"Mother and daughter, father and son, may all be found splashing about in the cooling water of the Salt River canal, commonly known as the 'Town Ditch,' almost any evening now. There are regular canal 'beaches' where Phoenicians congregate in great numbers daily, while along its length throughout the city can be found little boys and girls, big boys and girls, youths, matured and even quite elderly people finding the keenest enjoyment in the swift running waters." In the summer of 1921, the Arizona Republican raved about the Valley's newfound form of entertainment.
Arizona can't tout oceanfront property, but that didn't stop Valley residents from enjoying the beach. All along the canals, families came to take a dip and enjoy a picnic year-round. "Swimming parties," where revelers built bonfires to roast hot dogs and marshmallows, were popular among young society. Automobiles converted to dressing rooms--a phenomena that prompted the Arizona Republican to remark, "The sight of bathing parties nonchalantly disrobing along the roadside has become so common as to attract little or no attention."
Sometimes 300 to 400 recreationists lined the canal "beaches," but the canal wasn't always fun and games. The canals flowed fast and deep, claiming casualties who underestimated the current. Public health was also an issue as some used the canal as a bathtub. In 1910 the Osborn district was struck by a typhoid epidemic which doctors blamed on bathing in the canal. The increase in automobiles on the road also led to an increase in the number of people who drove their automobiles into the canals. Arizona's climate allowed the fun to continue year-round.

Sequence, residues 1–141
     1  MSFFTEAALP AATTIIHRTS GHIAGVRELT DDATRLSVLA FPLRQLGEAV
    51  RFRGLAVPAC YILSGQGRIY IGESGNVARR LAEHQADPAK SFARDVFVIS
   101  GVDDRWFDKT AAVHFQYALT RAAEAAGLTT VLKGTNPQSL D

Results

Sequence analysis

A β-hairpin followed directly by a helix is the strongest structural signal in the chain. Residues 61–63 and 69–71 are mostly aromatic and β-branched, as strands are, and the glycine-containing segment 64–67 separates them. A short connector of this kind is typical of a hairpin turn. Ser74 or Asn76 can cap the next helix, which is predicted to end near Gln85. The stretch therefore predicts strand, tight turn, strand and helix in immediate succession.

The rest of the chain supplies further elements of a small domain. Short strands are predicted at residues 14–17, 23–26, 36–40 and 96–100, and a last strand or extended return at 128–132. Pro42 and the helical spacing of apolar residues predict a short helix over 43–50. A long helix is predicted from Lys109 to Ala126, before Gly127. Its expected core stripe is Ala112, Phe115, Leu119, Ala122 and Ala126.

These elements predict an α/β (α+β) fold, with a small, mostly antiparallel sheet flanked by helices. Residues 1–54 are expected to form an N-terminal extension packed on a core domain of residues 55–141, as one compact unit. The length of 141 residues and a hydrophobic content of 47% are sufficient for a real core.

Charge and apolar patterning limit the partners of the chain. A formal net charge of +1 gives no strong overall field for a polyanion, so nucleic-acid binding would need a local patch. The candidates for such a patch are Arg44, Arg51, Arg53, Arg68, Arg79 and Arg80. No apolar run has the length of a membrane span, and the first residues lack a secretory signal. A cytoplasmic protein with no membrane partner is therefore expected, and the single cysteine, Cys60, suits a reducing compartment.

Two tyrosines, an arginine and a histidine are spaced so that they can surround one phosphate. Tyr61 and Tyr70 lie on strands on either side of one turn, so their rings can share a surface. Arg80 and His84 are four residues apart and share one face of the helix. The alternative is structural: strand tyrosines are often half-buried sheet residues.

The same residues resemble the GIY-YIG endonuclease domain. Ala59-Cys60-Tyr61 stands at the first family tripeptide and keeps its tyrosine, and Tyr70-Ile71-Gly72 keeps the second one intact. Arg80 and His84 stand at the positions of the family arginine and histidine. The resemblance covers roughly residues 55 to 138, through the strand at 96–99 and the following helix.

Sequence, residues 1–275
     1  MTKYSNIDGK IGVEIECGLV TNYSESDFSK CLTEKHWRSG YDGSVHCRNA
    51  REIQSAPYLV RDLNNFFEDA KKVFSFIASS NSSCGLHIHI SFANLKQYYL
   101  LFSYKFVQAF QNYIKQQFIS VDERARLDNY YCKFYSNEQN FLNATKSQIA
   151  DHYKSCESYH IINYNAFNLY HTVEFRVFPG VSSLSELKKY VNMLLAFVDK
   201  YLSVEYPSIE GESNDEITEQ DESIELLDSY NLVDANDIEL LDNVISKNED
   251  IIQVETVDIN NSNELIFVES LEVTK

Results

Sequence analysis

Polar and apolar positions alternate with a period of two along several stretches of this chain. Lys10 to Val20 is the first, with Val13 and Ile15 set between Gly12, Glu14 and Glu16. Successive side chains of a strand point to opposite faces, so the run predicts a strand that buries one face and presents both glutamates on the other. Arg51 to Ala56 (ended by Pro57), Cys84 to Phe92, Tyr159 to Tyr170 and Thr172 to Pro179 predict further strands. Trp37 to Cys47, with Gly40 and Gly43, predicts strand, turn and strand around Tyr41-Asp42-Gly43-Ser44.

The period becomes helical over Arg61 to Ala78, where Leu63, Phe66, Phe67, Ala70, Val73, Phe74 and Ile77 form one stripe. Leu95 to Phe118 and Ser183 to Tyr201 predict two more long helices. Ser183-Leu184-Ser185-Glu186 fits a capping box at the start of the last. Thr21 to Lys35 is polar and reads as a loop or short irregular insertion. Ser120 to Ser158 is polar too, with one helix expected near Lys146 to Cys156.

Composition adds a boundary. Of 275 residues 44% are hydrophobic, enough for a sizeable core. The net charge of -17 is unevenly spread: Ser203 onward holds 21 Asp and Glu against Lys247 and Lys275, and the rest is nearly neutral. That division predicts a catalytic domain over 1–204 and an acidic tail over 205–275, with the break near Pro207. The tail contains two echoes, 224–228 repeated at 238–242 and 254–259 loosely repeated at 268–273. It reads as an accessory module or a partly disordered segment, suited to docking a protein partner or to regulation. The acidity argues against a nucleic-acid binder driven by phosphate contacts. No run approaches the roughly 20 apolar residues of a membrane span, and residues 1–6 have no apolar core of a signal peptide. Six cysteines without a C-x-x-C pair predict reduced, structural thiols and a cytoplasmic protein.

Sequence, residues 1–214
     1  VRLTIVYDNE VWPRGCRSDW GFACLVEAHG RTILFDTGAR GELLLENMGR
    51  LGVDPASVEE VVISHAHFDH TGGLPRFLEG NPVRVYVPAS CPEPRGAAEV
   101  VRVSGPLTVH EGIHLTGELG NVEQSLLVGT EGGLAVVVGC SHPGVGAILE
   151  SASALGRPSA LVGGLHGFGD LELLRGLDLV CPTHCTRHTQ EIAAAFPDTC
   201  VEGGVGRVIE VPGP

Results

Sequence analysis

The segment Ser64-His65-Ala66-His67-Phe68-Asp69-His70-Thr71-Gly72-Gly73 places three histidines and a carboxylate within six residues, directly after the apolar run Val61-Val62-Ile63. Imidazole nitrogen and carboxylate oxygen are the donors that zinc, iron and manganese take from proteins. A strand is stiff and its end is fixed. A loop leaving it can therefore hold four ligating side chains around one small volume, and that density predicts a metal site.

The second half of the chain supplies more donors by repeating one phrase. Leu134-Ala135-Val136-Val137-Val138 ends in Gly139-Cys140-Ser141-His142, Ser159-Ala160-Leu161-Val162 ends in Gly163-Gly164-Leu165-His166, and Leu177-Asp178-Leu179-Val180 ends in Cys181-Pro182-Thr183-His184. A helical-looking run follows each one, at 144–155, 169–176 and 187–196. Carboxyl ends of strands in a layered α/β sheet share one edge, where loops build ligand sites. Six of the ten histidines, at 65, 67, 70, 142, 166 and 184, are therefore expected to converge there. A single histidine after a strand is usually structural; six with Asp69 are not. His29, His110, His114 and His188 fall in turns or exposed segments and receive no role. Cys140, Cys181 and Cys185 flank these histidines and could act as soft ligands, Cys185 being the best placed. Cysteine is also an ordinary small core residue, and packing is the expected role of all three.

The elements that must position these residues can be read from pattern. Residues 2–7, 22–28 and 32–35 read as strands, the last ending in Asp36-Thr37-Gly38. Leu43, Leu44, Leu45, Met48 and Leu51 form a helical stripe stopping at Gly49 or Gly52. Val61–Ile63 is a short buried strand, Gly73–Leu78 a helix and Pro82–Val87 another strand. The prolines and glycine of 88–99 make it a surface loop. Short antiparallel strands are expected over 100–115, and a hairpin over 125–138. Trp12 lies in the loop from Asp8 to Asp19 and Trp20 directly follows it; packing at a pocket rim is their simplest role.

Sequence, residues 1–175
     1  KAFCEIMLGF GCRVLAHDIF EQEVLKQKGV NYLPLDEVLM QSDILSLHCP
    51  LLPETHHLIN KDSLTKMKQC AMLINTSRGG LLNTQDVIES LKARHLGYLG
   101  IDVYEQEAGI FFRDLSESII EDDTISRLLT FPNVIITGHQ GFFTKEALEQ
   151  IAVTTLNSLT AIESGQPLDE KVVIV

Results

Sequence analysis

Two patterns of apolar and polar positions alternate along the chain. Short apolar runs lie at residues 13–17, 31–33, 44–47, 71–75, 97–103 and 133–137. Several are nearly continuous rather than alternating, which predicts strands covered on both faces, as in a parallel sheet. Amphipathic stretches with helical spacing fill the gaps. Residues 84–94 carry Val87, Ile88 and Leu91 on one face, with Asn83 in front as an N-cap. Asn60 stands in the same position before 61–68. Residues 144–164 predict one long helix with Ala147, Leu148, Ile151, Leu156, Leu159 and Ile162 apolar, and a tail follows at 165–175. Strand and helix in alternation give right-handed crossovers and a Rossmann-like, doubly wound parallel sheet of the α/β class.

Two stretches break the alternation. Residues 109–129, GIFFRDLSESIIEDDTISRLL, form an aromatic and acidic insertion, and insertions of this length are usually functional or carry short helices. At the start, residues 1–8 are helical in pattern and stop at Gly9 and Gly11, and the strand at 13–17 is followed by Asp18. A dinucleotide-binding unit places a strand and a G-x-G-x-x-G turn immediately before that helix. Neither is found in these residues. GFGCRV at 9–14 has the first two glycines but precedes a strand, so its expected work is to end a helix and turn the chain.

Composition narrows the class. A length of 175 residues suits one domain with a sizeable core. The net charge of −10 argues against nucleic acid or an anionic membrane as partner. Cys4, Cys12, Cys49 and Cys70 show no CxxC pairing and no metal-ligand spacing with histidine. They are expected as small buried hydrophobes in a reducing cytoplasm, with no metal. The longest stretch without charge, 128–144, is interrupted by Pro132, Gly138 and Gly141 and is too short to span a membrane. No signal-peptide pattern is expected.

An aptly titled Arizona Republican article from 1911 described how some boys swam across the canal for juicy sandias, Spanish for watermelon. Passing Phoenicians smiled and continued, but "their friends from the frozen states. . . thought that the fact of seeing lads eating watermelons while swimming in the latter part of the November, to be exact it was the 19th, was an event worthy of commemoration."
Recreation on the canal continued in later decades. In the 1930s and beyond, teenagers often congregated on its banks and the truly brave would "freeboard" the canal, carefully balancing on a homemade board while being pulled along by an old Model T.